For a span that’s been a pipe dream for more than 20 years in Orange Beach, the Wolf Bay Bridge drew a bit of fireworks at a town hall meeting on Oct. 1.
City officials had regular and work sessions at the Orange Beach Event Center and followed up with a presentation about the state of the city and many projects planned, underway or completed.
Afterward, citizens were asked to submit questions to Mayor Tony Kennon, Baldwin County Public Schools Superintendent Eddie Tyler and Alabama Department of Transportation Southwest Engineer Matthew J. Ericksen.
About 1 hour and 15 minutes from the start, resident John McCabe stepped up to take his turn at the mic.
“As you know I’m opposed to the Wolf Bay Bridge and I’m going to take your word for it that it’s on hold for the present,” McCabe said, adding that with the cost of the bridge he thought more citizen involvement was warranted.
“One of my concerns and why I’m opposed to it, I don’t think many people know that the bridge is going to cost $80 million,” McCabe said. “I believe one concern I really have is the fact that when it was considered, the people were not really involved. The City Council reviewed this and nobody showed up and I’ve heard that.”
McCabe asked if the council would put the decision to spend that amount on a bridge — $13,000 for every Orange Beach resident — to a vote of the people. Kennon bristled at the comments.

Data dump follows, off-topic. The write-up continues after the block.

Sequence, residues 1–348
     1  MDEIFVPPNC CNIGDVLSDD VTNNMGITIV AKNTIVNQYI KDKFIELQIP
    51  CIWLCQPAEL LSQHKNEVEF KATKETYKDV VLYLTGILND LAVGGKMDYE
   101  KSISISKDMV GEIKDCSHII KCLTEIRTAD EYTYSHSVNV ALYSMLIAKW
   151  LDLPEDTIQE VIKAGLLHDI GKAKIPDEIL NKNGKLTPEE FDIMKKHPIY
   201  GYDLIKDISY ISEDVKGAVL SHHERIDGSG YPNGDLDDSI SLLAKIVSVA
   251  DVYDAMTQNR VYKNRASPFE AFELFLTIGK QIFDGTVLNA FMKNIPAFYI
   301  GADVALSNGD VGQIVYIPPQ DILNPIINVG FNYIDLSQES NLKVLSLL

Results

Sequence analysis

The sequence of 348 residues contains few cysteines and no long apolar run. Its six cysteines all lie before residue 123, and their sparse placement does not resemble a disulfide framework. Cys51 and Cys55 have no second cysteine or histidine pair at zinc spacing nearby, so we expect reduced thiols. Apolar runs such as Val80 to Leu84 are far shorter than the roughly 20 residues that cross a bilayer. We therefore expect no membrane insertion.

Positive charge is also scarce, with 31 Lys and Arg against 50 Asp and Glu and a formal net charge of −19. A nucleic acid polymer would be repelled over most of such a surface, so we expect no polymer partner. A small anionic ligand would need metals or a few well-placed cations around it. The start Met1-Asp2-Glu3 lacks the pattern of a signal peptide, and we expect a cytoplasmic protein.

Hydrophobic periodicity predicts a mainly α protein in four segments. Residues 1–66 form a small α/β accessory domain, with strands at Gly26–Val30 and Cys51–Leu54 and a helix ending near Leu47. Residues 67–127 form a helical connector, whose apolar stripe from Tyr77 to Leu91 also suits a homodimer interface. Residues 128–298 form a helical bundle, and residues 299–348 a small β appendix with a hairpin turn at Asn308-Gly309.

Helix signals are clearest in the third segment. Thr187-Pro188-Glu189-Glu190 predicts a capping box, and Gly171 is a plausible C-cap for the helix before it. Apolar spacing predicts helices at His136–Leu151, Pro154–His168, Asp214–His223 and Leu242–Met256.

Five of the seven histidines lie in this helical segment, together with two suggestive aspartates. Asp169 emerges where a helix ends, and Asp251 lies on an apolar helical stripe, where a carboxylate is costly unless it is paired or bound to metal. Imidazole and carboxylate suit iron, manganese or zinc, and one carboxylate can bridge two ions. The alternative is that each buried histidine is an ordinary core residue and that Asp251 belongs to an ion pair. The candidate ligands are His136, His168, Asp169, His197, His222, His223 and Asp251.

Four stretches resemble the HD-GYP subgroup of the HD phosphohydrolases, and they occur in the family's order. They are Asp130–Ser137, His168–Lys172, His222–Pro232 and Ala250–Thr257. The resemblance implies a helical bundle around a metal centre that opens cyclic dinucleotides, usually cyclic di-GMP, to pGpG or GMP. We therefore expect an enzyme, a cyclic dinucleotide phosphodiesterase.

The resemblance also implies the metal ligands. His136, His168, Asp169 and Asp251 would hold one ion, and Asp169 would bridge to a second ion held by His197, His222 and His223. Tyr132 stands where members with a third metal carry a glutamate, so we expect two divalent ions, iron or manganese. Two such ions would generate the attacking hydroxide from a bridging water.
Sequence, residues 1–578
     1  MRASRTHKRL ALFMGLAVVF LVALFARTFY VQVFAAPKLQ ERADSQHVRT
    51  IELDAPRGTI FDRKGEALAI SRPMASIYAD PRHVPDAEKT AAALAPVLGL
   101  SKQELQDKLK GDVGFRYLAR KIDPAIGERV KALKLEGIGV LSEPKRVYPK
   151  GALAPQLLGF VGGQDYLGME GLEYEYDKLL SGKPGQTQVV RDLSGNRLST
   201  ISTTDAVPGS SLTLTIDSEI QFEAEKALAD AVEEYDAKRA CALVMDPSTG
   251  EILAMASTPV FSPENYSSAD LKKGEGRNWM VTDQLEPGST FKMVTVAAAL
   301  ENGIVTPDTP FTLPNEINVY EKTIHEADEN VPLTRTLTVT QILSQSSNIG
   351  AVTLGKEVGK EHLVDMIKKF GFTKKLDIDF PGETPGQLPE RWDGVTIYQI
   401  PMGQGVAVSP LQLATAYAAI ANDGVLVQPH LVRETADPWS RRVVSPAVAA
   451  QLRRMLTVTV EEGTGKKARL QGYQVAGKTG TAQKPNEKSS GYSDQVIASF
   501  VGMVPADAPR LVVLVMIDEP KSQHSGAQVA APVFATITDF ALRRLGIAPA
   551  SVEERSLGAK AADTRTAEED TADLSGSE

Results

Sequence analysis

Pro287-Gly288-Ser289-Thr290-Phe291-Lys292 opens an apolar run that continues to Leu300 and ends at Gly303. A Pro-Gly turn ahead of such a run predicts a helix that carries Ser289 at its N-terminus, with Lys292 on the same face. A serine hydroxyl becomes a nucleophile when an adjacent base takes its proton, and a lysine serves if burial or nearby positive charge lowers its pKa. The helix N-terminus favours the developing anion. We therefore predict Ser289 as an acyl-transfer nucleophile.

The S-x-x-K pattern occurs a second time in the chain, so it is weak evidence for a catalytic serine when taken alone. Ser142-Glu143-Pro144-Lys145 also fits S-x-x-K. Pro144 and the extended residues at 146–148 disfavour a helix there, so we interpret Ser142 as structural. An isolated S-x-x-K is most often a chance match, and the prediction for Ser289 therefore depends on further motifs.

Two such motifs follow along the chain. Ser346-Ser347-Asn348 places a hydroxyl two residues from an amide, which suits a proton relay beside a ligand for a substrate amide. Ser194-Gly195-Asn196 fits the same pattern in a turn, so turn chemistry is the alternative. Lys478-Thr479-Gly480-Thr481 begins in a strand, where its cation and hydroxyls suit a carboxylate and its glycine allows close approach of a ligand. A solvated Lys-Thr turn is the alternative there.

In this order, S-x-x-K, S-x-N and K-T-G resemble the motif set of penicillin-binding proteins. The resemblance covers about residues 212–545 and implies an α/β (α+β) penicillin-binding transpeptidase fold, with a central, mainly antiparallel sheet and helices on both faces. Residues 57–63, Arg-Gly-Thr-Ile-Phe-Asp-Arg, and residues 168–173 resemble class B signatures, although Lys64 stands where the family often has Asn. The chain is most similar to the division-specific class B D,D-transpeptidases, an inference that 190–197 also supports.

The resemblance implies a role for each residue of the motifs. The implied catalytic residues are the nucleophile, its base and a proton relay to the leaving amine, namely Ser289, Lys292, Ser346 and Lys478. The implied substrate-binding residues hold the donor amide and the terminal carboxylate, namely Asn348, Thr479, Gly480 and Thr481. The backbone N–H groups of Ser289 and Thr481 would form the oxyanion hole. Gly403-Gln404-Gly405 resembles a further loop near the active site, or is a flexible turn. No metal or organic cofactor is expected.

“I do take offense when it’s asserted that things are being snuck in or we’re just heavy handily moving,” Kennon said. “That’s false, that’s false. This bridge has been on the discussion agenda for years. And then when we raised the two percent lodging tax, specifically, that tax was raised, it was discussed over and over and over publicly to build the bridge. You, nor anyone else, came to the council meetings and came to the microphone and voiced any objections. So, why would we spend any money or $15,000 on a referendum when after months of discussion no one opposed it?”
Councilman Jeff Boyd bristled even more when McCabe said the entire project’s goal wasn’t to reduce traffic or as a hurricane evacuation route but solely for development.
“This was not something that has been quietly pushed underneath and I take really pretty heated measure for you to come up there and tell me it’s all about development,” Boyd said. “None of us own a damn piece of property over there and it has nothing to do with that.”
In a wide-ranging night, Kennon’s hour-long presentation covered traffic updates with the Canal Road widening underway, a report on the progress of the planned Gulf Shores Intracoastal Waterway Bridge with commentary from Ericksen and work planned for Canal Road East.
Many months into the planning of the Gulf Shores bridge it was hoped it might be out for bid as early as this summer. Now, Ericksen said, it’s not likely to go out for bid until February at the earliest.
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